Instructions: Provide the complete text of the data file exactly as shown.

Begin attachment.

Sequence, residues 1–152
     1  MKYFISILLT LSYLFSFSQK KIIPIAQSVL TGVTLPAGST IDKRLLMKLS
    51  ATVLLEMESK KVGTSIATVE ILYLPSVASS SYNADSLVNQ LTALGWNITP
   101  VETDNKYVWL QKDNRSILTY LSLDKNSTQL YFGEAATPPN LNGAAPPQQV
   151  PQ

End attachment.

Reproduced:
Sequence, residues 1–152
     1  MKYFISILLT LSYLFSFSQK KIIPIAQSVL TGVTLPAGST IDKRLLMKLS
    51  ATVLLEMESK KVGTSIATVE ILYLPSVASS SYNADSLVNQ LTALGWNITP
   101  VETDNKYVWL QKDNRSILTY LSLDKNSTQL YFGEAATPPN LNGAAPPQQV
   151  PQ